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Navigational safety doesn't come free

Sean Moloney reports on the importance of maintaining navigational safety and the reasons why the industry must pay up.

The importance of ensuring safe navigation in today's major sea lanes has never come into question especially when you consider the important role it plays in protecting life at sea as well as preventing pollution. But these things do not come cheaply, which is why the International Foundation for Aids to Navigation (IFAN) has had to act regarding payment for assisting the transiting of vessels in the Middle East Gulf.

At a recent meeting of the IFAN board in London, the issue of non-payment of navigational dues was highlighted as critical to the ongoing modernisation and provision of aids to navigation in the Middle East Gulf region. The Middle East Navigation Aids Service (MENAS, a subsidiary of IFAN) has been providing these services since 1911 as no state owns the Aids to Navigation (AtoN) in the joint waters of the Gulf. This service is funded exclusively via "Nav Dues" payments and the sustainability of the existing service, on which the shipping industry depends, is totally dependent on receipt of these Nav Dues.

The board, which is made up of the senior executives of some of the world's largest ship owners, confirmed that plans to recapitalise DGPS (differential global positioning system) services in the Middle East Gulf will be funded from navigational dues from ship owners. "Nav Dues are essential to ensure MENAS can continue to provide aids to navigation in the region. All ships in the area share the benefit of these well-maintained navigational aids".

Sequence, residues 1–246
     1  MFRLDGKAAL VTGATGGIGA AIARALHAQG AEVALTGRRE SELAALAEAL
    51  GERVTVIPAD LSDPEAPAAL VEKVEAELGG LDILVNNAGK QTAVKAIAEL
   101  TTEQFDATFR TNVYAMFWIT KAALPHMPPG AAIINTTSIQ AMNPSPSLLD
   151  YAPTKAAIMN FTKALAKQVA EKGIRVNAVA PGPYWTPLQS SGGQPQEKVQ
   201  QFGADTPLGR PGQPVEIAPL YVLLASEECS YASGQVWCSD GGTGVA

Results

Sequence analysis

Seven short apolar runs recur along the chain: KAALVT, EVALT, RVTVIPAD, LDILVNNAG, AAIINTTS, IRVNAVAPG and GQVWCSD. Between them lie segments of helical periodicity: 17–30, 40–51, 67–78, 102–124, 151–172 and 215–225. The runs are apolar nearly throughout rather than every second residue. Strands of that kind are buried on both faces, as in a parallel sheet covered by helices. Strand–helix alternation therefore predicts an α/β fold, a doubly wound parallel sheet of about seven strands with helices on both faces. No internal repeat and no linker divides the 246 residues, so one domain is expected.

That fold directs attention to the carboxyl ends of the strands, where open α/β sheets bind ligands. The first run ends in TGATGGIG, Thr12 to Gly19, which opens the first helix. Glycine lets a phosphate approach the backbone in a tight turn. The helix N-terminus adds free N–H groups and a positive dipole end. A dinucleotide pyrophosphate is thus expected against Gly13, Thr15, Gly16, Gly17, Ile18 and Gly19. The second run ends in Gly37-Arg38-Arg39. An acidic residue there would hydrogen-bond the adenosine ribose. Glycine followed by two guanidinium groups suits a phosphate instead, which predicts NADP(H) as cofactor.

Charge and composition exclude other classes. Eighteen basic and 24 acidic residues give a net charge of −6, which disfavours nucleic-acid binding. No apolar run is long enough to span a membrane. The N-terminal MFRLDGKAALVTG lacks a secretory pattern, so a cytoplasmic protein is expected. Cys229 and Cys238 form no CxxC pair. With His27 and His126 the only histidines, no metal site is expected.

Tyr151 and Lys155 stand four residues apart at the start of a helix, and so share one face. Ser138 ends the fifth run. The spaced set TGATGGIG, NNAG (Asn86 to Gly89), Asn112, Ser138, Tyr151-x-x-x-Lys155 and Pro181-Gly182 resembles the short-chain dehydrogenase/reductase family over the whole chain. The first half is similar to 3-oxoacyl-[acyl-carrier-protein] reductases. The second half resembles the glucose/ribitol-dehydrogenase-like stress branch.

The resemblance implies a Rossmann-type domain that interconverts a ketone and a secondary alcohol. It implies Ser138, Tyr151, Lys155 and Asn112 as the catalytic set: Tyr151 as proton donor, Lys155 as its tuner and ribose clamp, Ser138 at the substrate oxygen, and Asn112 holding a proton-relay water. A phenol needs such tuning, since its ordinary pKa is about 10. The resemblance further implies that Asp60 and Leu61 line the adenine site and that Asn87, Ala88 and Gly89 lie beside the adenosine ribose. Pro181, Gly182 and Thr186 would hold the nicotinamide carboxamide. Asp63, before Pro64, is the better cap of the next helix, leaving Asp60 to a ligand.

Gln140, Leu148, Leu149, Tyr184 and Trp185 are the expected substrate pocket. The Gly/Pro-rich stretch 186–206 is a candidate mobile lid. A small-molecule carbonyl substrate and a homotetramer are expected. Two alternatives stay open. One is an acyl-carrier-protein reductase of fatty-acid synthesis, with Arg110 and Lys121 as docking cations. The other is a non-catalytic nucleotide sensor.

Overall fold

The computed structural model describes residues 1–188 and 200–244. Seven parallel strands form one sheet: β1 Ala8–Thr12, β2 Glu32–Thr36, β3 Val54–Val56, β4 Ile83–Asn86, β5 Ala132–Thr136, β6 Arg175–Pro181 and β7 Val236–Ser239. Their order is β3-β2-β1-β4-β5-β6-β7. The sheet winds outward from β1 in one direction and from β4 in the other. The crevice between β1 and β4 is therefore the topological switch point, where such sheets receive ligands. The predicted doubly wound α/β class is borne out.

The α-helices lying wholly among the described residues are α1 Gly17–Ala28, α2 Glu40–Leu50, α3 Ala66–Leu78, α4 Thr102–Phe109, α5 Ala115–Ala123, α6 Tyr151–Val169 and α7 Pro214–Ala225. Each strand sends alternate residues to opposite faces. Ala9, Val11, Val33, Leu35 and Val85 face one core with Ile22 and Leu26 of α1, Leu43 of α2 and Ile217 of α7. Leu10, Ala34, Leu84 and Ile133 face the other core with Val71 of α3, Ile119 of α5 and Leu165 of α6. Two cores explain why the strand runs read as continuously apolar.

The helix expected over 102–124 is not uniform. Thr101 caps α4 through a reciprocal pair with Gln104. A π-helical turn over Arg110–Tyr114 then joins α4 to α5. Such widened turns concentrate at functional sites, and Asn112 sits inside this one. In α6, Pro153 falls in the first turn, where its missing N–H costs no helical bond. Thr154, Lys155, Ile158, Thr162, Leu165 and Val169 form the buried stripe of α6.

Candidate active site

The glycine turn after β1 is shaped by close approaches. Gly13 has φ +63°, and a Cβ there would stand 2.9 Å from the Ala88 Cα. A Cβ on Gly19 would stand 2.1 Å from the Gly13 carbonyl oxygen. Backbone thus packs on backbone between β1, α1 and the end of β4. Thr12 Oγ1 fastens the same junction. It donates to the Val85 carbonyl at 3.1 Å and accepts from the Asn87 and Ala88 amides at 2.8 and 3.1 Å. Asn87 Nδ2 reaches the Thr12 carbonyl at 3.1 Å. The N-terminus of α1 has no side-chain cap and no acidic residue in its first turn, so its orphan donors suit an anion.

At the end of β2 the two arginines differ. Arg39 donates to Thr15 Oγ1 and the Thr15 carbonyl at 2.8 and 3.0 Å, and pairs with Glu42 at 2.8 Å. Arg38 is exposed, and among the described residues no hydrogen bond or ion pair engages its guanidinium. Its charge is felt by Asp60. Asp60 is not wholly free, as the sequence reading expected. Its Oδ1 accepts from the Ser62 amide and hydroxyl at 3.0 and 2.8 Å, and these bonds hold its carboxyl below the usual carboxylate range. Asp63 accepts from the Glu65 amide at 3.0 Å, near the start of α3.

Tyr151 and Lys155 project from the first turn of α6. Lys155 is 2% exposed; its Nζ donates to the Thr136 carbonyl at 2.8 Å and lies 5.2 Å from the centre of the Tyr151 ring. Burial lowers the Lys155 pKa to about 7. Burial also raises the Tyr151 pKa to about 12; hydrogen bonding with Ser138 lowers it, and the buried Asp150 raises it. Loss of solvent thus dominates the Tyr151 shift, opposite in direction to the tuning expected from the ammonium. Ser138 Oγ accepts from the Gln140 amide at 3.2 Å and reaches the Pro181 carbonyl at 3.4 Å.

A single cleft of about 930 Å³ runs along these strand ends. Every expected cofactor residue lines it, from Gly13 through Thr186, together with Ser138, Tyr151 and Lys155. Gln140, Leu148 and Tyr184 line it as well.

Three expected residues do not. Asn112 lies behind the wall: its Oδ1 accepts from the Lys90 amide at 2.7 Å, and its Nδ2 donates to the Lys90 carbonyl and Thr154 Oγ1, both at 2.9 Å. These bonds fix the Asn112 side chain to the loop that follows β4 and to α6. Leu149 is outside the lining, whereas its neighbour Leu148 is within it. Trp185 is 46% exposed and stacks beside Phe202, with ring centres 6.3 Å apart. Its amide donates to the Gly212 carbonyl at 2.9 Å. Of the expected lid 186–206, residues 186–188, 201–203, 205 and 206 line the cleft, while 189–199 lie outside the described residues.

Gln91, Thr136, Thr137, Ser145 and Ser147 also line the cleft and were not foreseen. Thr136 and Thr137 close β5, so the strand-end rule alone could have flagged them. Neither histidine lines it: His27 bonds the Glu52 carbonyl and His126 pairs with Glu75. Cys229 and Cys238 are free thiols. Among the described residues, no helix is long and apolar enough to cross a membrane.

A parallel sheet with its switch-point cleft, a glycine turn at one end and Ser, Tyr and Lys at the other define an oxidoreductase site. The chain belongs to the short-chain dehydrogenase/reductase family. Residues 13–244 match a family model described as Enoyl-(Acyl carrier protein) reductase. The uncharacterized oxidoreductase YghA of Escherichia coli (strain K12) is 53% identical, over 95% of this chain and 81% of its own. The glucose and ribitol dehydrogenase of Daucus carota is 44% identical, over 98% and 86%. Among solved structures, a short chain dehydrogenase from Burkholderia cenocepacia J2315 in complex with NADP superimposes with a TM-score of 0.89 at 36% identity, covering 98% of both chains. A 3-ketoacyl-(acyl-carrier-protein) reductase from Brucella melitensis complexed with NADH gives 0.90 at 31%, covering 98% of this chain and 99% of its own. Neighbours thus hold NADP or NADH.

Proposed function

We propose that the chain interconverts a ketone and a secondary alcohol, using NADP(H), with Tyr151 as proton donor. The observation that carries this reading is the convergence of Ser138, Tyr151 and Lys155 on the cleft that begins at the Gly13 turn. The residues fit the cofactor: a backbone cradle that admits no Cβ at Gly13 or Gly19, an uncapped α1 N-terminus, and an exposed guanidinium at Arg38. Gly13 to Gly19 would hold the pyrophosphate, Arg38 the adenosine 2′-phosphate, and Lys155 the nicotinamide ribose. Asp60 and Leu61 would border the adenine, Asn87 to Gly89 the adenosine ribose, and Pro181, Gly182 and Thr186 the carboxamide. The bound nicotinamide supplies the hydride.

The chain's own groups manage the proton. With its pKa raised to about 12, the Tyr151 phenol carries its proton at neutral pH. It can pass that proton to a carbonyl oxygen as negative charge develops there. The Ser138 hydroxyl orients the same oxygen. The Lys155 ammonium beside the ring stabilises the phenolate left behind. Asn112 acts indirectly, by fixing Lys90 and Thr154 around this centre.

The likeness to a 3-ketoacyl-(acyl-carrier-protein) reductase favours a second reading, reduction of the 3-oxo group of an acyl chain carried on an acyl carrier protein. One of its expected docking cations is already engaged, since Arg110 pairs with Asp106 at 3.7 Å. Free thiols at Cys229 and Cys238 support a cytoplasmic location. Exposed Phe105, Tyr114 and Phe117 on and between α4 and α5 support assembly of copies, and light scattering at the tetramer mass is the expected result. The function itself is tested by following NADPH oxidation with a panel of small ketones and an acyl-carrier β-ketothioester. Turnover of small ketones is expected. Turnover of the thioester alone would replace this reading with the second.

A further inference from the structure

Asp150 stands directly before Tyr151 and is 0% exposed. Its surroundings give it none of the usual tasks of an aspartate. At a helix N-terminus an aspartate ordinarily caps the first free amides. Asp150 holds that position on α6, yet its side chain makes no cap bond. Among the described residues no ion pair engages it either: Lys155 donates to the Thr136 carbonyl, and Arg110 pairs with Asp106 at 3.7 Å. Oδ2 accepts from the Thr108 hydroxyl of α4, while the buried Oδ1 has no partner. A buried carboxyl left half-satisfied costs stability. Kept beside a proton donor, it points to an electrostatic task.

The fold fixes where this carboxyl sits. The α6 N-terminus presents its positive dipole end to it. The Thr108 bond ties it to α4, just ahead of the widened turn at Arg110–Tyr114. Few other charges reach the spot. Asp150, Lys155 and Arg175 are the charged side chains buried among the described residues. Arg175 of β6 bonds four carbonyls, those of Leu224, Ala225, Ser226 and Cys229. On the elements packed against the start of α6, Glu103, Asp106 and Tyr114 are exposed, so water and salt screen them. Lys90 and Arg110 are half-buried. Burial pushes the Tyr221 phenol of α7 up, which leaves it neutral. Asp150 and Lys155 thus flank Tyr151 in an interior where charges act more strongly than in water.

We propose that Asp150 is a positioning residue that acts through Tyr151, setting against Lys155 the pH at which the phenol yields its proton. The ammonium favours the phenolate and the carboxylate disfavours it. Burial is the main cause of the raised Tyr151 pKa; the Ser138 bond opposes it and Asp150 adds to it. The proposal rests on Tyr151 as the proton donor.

"Nav Dues are essential to ensure MENAS can continue to provide aids to navigation in the region. All ships in the area share the benefit of these well-maintained navigational aids"

Alan Marsh, newly elected chairman of IFAN, said the Foundation and MENAS, were committed to providing world class navigational aids, including maritime safety broadcasts to seafarers, in the region. But he stressed it was essential that users fully contributed to the running cost of the services provided by MENAS.

Peter Stanley, CEO of IFAN, said: "MENAS will continue to provide services, but sadly ship owners may not even know that these are provided by MENAS and some question the need to pay Nav Dues whilst transiting these highly important and congested waters. "These Nav Dues are essential to ensure MENAS can continue to provide aids to navigation in the region while there is no alternative service provider or navigational system providing as accurate a service. All ships in the area share the benefit of these well-maintained navigational aids."

MENAS is currently the Gulf region's leading innovator in the development, fabrication, supply and maintenance of AtoNs. Operating from its main base in Bahrain and a support base in Abu Dhabi, MENAS owns and maintains an extensive network of buoys, lighthouses and DGPS transmitters. It also provides essential information and advice such as the issuance of "Notices to Mariners", advising on hazards to shipping and coordinating additions to navigation charts for the Gulf. More than 2,000 vessels rely on MENAS equipment and services each month.

MENAS is an associate member of the International Association of Lighthouse Authorities (IALA) which has agreed to partner MENAS in the provision of training AtoN technical personnel in the region starting in the third quarter of this year. Since 1997, MENAS established and continues to operate a free-to-air differential global positioning system (DGPS) for the region. An upgraded service as well as complimentary terrestrial based services are being developed, the latter still dependent on international protocols being developed and agreed. The company has deployed automatic identification system (AIS) equipment across its equipment network to both enhance the service to mariners and improve performance monitoring of AtoNs: the MENAS Operations Centre in Bahrain records status, performance and reliability of AtoNs using the AIS system and satellite-based monitoring.